5 Questions With NPZL Curator Carly Blaine


Jonathan Lisenby: Of all media available to collect and distribute, why did you choose zines?  How do zines facilitate your mission?

Carly Blaine: I would love to start by defining a zine as a small-circulation, self-published, and often inexpensive or free work made by either an individual or collective. I began collecting zines a few years ago, on my own accord and in relation to my own fascination with the various content available from this medium. I am very much in love with the accessibility aspect of zines, both from the perspective of the author and audience, and that is what I believe facilitates my mission with the zine library project. It is my goal to make both conversations of important social topics, as well as the work of participating artists, as accessible as possible to those who wish to self educate or experience the works without any barrier to entry.


JL: A large portion of the Nashville Public Zine Library is made up of works promoting ‘anarchic’ OR far left ideologies - two fairly opposing viewpoints. Do you think there’s a reason for zines to naturally drift to extreme political poles, or is this a feature of your curation?

CB: I wouldn't quite say that these works promote these ideologies as much as I would say that they are from the perspective of individuals or collectives who embody these ideologies, and converse on such from a humble and robust perspective. Although some of these works seem like propaganda in nature, most of them are well argued on both sides of the political spectrum (anarchic to left-leaning that is), and offer well-rounded arguments on the social topics they center on. Zines do naturally tend to embody strong opinions when they are discussions on social topics and issues faced in given socio-political circumstances, and do tend to be either left-leaning or anarchic; though I do intentionally select works for the library that I believe will be useful resources and materials for the community to use as a basis for conversation within itself.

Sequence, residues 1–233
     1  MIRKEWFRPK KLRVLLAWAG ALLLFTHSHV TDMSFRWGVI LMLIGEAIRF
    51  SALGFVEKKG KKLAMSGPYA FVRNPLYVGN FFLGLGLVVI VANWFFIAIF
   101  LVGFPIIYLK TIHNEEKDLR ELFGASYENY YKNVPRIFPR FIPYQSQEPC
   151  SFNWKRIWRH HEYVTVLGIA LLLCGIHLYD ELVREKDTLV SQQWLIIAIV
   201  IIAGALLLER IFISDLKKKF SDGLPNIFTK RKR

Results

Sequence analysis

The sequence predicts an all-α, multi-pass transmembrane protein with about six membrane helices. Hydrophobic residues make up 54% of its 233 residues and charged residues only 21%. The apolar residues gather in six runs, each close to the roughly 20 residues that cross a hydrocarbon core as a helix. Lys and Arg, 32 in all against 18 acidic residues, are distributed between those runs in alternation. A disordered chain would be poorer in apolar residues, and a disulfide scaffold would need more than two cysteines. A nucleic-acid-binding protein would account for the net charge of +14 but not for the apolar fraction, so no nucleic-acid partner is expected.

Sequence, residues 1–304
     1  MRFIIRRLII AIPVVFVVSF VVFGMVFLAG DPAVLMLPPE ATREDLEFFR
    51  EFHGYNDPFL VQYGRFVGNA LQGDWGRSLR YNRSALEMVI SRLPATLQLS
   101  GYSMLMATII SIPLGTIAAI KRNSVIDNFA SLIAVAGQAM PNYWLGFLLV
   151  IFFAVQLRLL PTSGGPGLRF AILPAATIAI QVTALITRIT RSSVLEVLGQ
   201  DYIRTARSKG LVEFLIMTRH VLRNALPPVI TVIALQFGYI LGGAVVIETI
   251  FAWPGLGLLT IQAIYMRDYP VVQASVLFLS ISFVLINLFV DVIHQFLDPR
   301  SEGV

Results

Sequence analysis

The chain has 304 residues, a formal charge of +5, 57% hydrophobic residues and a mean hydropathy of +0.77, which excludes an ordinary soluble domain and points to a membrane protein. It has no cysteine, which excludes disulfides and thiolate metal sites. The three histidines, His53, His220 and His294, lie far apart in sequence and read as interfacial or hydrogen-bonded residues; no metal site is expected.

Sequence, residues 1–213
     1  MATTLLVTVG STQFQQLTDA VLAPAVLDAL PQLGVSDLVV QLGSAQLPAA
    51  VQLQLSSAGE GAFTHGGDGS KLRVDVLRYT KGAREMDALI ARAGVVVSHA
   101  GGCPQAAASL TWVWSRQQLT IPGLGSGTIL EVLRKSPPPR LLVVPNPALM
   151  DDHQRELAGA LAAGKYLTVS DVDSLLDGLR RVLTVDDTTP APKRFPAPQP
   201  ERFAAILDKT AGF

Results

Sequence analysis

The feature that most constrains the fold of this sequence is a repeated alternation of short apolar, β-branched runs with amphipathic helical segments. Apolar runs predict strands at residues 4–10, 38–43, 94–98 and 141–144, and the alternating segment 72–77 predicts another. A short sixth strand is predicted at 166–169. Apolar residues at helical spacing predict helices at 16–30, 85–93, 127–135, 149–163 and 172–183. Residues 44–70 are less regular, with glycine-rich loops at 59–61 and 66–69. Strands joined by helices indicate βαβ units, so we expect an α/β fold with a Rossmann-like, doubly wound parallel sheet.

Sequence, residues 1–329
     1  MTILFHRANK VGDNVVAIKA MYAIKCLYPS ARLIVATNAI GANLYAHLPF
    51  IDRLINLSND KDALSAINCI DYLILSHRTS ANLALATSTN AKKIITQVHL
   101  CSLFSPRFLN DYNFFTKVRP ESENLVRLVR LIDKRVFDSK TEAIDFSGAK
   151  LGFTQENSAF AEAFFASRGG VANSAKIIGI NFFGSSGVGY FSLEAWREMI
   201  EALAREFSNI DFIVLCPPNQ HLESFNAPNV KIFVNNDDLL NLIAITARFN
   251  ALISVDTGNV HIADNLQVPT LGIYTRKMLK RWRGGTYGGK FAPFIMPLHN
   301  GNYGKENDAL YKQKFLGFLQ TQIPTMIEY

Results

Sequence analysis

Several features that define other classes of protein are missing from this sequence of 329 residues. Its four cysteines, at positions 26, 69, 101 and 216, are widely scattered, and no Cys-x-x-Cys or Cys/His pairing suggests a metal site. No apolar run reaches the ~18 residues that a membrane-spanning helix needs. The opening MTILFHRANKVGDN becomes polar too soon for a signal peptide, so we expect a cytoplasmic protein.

JL: What skills are most important to have to be a successful zine-maker? Is it required to have gone to art school, or helpful to have a background in journalism?

CB: As I mentioned above, what I love most about zines is the accessible nature of them, both in terms of authoring and experiencing them. One need not have a formal education in order to create a zine, one must simply have an idea and a pen and a piece of paper and a zine may be born.


JL: Which of the zines in your collection would you recommend as starter zines, to recommend to someone new to zines?

CB: It all depends on what an individual has interest in! There are many different areas of specificity, or "genres", within the library for one to choose from. In terms of local works, I would suggest starting with anything from Sabotka, Ursus Press, or Broadside Print, to get a scope of the literary genius that exists in Nashville. I often find that the visual art and music scenes eclipse some of the great poets and writers that live and work in the scene.


JL: How do you bring the NPZL to the public? Do you have bigger plans for the future?

CB: Though this project has been fairly small scale since its inception, I am incredibly excited to be working with new supporting partners and collectives to bring out the library itself to engage with the community! I wish I had more details to share publicly, but as certain intricacies have still yet to be ironed out, I can't divulge any further information. BUT I can say that I have been overwhelmed with support and interest in the project thus far, and that I am looking forward to bigger plans in the future! I would also like to mention that I'd truly love to meet with any individual looking to collaborate, to get involved in some way, or even just to share thoughts and opinions on the creative community itself! I can be reached at nashvillepubliczinelibrary@gmail.com (: